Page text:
Blood donation controversy
ARC faced criticism from lesbian, gay, bisexual, and transgender (LGBT) advocacy organizations for prohibiting men who have sex with men (MSM) from donating blood. This policy was an FDA requirement for all blood collection companies and organizations in the United States. Specifically, the FDA instructs blood collection organizations to "defer for 12 months from the most recent sexual contact, a man who has had sex with another man during the past 12 months". Consequently, ARC was legally unable to collect blood from such men. In 2006, along with the AABB and America's Blood Centers, ARC petitioned the FDA to remove the requirement from blood donations, citing better screening technologies. As of December 2016, the American Red Cross reports on its website that its deferral of MSM from donating blood for 12 months after any sexual contact with another man is aligned with the guidance issued by the U.S. Food and Drug Administration.
Volunteer background and credit check controversy
In 2006, ARC imposed a new policy requiring mandatory checks of all volunteers' backgrounds, including credit check and "mode of living" investigations. Objections were raised over the intrusive nature of the checks and the lack of limits on the use of the information gathered.
As a result, many longtime volunteers discontinued their association with ARC. Amateur radio operators especially resisted, complaining that volunteers who brought hundreds or thousands of dollars in communications and computer equipment to an event have more to worry about from the ARC than the ARC does from them. Some of these transferred their activity to the Salvation Army and its SATERN disaster radio network.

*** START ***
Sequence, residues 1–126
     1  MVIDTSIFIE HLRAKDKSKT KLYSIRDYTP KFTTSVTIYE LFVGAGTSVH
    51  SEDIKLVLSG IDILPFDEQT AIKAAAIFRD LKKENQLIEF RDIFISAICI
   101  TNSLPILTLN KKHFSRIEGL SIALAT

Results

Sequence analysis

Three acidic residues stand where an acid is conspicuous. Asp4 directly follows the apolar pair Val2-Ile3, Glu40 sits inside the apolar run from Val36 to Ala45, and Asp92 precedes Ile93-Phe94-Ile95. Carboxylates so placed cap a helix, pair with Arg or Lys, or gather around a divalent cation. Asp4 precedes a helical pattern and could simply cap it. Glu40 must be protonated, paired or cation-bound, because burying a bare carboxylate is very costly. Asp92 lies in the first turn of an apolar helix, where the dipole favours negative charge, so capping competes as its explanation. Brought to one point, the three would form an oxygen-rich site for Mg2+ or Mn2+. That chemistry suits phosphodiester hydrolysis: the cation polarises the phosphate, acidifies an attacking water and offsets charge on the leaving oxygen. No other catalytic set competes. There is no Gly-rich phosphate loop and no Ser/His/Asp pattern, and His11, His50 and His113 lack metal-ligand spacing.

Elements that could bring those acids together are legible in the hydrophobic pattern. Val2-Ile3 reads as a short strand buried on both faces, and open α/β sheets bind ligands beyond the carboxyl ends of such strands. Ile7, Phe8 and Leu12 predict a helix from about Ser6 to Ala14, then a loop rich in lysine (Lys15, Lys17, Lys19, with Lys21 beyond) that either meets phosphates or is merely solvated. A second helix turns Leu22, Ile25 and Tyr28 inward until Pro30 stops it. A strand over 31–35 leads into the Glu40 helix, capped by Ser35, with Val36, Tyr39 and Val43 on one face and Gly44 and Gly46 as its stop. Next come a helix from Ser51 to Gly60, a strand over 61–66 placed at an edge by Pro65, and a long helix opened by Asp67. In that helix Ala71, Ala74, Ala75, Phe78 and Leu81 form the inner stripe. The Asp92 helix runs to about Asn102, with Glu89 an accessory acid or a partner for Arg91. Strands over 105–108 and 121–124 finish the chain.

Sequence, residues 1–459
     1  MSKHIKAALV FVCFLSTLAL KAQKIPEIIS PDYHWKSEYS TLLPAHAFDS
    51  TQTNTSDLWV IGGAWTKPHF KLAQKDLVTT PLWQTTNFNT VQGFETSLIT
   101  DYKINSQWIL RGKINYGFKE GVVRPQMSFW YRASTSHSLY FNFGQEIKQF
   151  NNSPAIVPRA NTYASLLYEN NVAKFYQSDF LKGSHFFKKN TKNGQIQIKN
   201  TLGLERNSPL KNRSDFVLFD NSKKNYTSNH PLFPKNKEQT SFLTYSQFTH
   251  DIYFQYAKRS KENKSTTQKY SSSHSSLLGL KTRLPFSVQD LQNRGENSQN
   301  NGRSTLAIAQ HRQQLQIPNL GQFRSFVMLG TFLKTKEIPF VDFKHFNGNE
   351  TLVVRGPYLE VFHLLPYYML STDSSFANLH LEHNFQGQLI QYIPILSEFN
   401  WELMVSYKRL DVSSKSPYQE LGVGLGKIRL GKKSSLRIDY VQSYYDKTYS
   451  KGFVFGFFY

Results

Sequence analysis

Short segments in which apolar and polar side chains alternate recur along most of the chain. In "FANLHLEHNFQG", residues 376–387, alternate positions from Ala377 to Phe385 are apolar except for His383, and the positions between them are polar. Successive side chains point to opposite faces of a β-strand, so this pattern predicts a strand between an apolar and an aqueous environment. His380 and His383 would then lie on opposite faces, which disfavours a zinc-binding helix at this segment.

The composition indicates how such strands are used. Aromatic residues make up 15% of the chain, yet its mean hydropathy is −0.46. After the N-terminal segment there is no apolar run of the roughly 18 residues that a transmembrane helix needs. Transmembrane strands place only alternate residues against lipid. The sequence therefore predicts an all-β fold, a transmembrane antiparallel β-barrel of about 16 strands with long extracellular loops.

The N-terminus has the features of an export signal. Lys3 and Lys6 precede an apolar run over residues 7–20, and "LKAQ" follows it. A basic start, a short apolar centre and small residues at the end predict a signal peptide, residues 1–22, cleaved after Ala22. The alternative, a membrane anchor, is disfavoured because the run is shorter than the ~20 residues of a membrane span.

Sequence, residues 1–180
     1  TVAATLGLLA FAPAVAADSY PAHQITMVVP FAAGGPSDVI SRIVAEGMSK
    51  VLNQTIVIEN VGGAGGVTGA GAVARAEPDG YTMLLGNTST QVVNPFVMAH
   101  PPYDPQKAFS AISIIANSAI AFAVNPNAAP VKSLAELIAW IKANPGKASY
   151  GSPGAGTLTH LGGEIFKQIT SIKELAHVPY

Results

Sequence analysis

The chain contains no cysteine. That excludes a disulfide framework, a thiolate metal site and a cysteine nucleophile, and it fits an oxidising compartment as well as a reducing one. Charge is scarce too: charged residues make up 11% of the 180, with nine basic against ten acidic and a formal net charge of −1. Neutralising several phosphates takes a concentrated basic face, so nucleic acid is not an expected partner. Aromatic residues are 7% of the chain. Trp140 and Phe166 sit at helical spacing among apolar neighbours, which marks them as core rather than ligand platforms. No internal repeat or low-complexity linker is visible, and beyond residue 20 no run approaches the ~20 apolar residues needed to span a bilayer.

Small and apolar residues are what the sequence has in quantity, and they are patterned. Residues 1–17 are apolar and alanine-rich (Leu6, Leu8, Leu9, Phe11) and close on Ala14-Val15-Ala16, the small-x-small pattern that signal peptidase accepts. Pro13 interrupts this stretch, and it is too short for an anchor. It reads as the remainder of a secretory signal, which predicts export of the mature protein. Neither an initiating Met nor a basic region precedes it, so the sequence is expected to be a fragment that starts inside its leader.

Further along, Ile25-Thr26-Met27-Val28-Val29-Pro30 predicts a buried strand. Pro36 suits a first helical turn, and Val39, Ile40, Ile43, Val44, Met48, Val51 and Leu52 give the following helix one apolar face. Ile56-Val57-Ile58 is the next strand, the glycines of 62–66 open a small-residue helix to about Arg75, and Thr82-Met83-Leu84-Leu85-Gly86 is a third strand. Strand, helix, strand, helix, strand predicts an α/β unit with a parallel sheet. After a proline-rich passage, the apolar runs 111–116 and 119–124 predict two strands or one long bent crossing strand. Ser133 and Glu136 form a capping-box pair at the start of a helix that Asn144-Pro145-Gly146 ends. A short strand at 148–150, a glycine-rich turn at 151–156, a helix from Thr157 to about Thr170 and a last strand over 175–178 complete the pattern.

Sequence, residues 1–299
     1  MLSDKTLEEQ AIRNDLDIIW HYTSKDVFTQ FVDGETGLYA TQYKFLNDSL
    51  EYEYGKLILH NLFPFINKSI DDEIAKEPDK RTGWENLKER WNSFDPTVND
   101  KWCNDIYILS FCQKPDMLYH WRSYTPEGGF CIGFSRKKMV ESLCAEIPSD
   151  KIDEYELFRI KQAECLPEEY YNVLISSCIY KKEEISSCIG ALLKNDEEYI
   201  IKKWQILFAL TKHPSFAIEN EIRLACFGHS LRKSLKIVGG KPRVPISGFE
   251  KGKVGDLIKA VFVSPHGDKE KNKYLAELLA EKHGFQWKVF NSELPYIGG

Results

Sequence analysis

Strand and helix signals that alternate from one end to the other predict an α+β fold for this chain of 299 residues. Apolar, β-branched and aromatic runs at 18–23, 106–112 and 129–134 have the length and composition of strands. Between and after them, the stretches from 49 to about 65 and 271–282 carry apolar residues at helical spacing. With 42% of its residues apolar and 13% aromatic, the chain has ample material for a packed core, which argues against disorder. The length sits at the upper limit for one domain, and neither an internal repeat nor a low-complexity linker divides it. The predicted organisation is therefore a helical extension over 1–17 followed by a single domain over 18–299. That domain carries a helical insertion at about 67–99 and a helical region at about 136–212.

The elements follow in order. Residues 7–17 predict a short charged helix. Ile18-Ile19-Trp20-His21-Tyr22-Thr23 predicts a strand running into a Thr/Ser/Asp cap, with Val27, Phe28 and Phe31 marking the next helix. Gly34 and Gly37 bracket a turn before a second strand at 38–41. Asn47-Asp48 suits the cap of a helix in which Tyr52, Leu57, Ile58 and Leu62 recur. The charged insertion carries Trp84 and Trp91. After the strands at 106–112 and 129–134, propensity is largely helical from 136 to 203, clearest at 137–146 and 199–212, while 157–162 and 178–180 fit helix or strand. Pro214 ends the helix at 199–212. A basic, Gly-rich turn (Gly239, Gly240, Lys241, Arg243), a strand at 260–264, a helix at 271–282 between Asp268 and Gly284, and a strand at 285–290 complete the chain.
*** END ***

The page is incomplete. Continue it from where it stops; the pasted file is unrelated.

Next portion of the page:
In response, ARC extended the deadline for compliance, and announced that the credit and "mode of living" checks would not be required. However, the updated application forms continued to include an authorization for these checks, listing them only as a "consumer investigative report", according to the American Radio Relay League.
Political influence controversy
As president, Elizabeth Dole overruled professional staff and ordered an HIV/AIDS prevention manual to be rewritten to make references to homosexuality, premarital sex and condom use more responsive to conservative critics, according to The Nation, which claimed that she allowed politics to affect many Red Cross policies.
Hurricane Katrina controversy
In March 2006, investigations of allegations of fraud and theft by volunteers and contractors within ARC Katrina operations were launched by the Louisiana Attorney-General and the Federal Bureau of Investigation (FBI). In response, ARC increased its internal and external education of the organization's fraud and waste hotline for confidential reporting to a third party agency. The organization also elected to implement a background check policy for all volunteers and staff, starting in 2006.
In April 2006, an unnamed former ARC official leaked reports made by the International Committee of the Red Cross and the British Red Cross. Such reports are typical in a large-scale disaster relief operation involving other national Red Cross societies to solicit their input, but are usually confidential and not released to the general public. These particular reports were particularly critical of ARC operations in Katrina-affected regions, although the British Red Cross report strongly praised ARC volunteers in their efforts.
Storms controversy (Hurricane Sandy, Isaac, other major storms)
In October 2014, independent public interest news broadcasters NPR and ProPublica published investigative reports on the Red Cross's handling of US East Coast Hurricanes Sandy and Isaac, citing internal Red Cross documents and interviews with former Red Cross and government officials. It criticized the organization's response in failing to meet the immediate needs of victims. It also described "an organization so consumed with public relations that it hindered the charity's ability to provide disaster services."
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|Wikimedia Commons has media related to American Red Cross.|
- Official website
- Clara Barton's House: Home of the American Red Cross, a National Park Service Teaching with Historic Places (TwHP) lesson plan
- American Red Cross Motor Service uniform, 1940s, in the Staten Island Historical Society Online Collections Database
- American Red Cross Nurse's Aide uniform, 1940s, in the Staten Island Historical Society Online Collections Database
- Red Cross posters from World War I from the Elisabeth Ball Collection
- Records of the American National Red Cross, 1881–2008 at the National Archives and Records Administration
- Works by American National Red Cross at Project Gutenberg
- Works by or about American Red Cross at Internet Archive